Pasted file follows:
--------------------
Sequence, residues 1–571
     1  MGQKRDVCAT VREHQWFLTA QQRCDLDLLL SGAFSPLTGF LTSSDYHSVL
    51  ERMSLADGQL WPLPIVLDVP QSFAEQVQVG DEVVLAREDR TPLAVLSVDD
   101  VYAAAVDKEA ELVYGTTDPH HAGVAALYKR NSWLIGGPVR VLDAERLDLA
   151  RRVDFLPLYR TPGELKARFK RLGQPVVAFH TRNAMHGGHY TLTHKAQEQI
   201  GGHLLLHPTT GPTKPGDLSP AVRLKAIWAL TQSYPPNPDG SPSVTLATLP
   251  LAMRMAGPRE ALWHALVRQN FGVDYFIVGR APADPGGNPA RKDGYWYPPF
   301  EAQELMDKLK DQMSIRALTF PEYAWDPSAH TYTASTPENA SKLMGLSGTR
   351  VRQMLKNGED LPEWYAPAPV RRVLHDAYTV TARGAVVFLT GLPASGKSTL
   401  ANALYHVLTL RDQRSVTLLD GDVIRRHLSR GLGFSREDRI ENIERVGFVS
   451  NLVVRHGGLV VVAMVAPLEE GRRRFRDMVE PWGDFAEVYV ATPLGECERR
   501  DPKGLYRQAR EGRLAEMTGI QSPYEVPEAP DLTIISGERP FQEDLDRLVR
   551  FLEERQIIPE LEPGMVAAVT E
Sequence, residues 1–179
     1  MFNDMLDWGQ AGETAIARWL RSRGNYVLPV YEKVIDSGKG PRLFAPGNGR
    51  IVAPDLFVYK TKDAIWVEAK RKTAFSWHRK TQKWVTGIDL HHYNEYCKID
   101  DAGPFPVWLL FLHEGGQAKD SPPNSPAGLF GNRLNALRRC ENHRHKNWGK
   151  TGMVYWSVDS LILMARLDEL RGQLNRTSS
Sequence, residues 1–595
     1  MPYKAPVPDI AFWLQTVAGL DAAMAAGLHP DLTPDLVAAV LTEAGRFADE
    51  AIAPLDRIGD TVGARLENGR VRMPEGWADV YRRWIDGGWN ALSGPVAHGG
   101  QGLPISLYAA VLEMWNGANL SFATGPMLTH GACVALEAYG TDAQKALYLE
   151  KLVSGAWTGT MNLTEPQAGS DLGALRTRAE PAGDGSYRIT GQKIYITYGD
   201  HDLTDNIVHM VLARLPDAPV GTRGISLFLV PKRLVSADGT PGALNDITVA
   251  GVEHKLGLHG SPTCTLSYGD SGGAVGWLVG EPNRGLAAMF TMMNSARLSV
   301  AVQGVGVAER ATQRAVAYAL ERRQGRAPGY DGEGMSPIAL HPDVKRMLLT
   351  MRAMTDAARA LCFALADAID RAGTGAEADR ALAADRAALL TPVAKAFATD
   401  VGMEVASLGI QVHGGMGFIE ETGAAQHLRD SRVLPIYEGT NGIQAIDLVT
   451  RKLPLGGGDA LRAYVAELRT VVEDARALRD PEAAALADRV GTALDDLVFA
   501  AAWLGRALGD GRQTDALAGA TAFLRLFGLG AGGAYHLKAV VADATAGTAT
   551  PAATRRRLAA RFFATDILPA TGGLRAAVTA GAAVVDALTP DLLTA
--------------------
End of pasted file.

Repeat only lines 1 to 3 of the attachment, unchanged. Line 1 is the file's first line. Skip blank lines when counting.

Sequence, residues 1–571
     1  MGQKRDVCAT VREHQWFLTA QQRCDLDLLL SGAFSPLTGF LTSSDYHSVL
    51  ERMSLADGQL WPLPIVLDVP QSFAEQVQVG DEVVLAREDR TPLAVLSVDD